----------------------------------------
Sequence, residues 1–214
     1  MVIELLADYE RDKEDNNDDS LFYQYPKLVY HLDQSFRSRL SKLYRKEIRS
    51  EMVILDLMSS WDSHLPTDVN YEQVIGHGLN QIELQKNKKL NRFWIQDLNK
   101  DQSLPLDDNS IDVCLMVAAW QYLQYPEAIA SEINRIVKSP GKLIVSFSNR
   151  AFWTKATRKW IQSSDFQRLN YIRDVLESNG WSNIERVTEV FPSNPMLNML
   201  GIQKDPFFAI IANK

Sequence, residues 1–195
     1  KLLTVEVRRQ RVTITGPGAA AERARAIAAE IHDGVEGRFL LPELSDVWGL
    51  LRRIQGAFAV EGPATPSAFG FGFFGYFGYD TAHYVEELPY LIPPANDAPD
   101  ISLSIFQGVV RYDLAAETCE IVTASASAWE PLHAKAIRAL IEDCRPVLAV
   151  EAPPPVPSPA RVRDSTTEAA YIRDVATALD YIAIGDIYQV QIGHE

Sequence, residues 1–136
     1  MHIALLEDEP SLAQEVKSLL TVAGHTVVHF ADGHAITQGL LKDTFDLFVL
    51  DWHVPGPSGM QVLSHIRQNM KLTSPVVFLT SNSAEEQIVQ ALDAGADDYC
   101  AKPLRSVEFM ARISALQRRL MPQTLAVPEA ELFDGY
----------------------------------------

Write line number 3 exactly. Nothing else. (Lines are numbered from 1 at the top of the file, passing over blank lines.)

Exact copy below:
    51  EMVILDLMSS WDSHLPTDVN YEQVIGHGLN QIELQKNKKL NRFWIQDLNK